On The Side
Create the perfect light summer sides with seasonal produce
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Especially if they’re grilling, people often spend so much time focusing on summer entrées that they put little thought into side dishes-beyond opening a bag of chips, of course. And that’s unfortunate, because Americans get too few fresh vegetables and fruits in their diets as it is, and side dishes are the perfect way to add more.
Emphasizing quick and creative food combinations that take full advantage of summer’s abundance of ripe, fresh produce is an excellent strategy during blazing-hot days when you want to keep cooking to a bare minimum. Having a few flavorful side items on hand can even make a nice, light meal. To prepare low-fuss, seasonal side dishes, try these tips:
- Make smart use of what you cook.Prepare quick-to-make seasonal vegetables such as green beans or quinoa, both of which can be used in cold dishes later. Chilled cooked green beans can be used on top of green salads, mixed with canned beans and a gluten-free Dijon mustard vinaigrette to make a bean salad, or mixed with olives, tomatoes, feta cheese, and a red wine vinaigrette to make a Greek green bean salad. Quinoa can be used as a gluten-free substitute for wheat-based couscous to make tabouli with fresh parsley, mint, cucumber, green onions, and lemon juice and olive oil. It also can be combined with other ingredients, such as avocado, tomato, peppers, cilantro, and a cumin-lime vinaigrette for a Mexican twist.
- Use no-cook items as much as possible. Perk up raw vegetable-based sides with flavorful no-cook foods such as olives, avocado, nuts, or seeds. Or make super low-calorie noodle salads with ready-to-use Sea Tangle Kelp Noodles, which have a neutral taste that enhances whatever you combine with them. Kelp noodles are high in thyroid-supportive iodine and are an easy-to-use ingredient for making light, nutritious salads with a unique twist.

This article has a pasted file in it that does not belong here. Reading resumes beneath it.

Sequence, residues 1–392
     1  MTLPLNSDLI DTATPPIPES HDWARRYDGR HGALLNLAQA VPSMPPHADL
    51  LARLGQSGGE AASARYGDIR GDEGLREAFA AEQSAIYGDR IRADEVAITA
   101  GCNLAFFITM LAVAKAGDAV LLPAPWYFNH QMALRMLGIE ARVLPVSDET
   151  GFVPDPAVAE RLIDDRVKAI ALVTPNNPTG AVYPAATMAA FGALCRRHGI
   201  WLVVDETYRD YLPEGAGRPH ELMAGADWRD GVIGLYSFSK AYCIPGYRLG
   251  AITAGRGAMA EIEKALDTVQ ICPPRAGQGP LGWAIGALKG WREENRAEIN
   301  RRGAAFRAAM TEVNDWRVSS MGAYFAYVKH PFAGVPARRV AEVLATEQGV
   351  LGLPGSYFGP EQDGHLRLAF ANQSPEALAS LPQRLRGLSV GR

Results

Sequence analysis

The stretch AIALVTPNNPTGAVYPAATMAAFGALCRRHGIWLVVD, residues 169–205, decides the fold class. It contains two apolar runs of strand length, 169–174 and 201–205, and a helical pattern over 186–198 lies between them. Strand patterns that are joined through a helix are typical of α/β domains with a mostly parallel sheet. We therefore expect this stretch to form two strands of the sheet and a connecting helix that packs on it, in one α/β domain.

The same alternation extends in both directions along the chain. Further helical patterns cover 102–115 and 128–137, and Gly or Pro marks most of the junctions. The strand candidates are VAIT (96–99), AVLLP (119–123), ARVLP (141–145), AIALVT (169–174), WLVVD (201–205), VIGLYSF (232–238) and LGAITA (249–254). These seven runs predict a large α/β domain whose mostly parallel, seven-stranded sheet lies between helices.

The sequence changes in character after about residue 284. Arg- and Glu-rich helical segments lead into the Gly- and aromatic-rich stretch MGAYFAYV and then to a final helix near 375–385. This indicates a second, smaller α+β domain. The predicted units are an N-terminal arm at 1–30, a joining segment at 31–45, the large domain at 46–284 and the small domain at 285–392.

- Add variety with fresh fruit. Raspberries, strawberries, blueberries, blackberries, cherries, grapes, peaches, and watermelon all are at their peaks this time of year. To make the most of the luscious, refreshing taste of summer, serve these fruits on the side by themselves, use berries or peaches to make a fruit salsa for topping seafood or poultry, or add berries, grapes, or chopped peaches, with goat or feta cheese or toasted nut pieces, to fresh spinach or lettuce side salads.
Refreshing Summer Vegetable Salad*
Makes 4 Salads
This quick and easy-to-prepare salad is bursting with the taste of summer from assorted seasonal vegetables and fresh basil.
10 organic cherry tomatoes, quartered
10 organic pitted Kalamata olives, chopped
1 medium organic cucumber, chopped
¼ organic red pepper, chopped
1 cup organic spinach leaves2 handfuls organic fresh basil
2 Tbs. pine nuts
3 cloves garlic, crushed and minced
2 Tbs. organic extra virgin olive oil
1 Tbs. red wine vinegar
1 tsp. fresh lemon juice
Sea salt & black pepper to taste
- Spoon tomatoes, olives, cucumber, and red pepper into medium bowl. Slice spinach and basil into strips, and add to bowl. Add pine nuts, and toss thoroughly.
- Whisk together garlic, oil, vinegar, lemon juice, salt, and pepper in small bowl. Taste, and adjust seasonings as desired.
- Stir dressing into vegetable mixture, and serve immediately or refrigerate for later use.
*Recipe reprinted from the Going Against the Grain Group, 2012.
PER SERVING: 142 cal; 2g pro; 13g total fat (2g sat fat); 6g carb; 0mg chol; 163mg sod; 2g fiber; 2g sugar
Melissa Diane Smith, a nutritionist who specializes in personalizing the gluten-free diet, offers long-distance telephone counseling and coaching services to clients internationally. She is the author of Going Against the Grain and Gluten Free Throughout the Year: A Two-Year, Month-to-Month Guide for Healthy Eating. To learn about her online Going Against the Grain Group or her free newsletter, visit againstthegrainnutrition.com. For info about her books and her long-distance consultations and nutrition coaching programs, visit melissadianesmith.com.
Copyright ©2011 Melissa Diane Smith. This article and recipe may not be reprinted on other sites without written approval and permission from the author. For more information, please email firstname.lastname@example.org.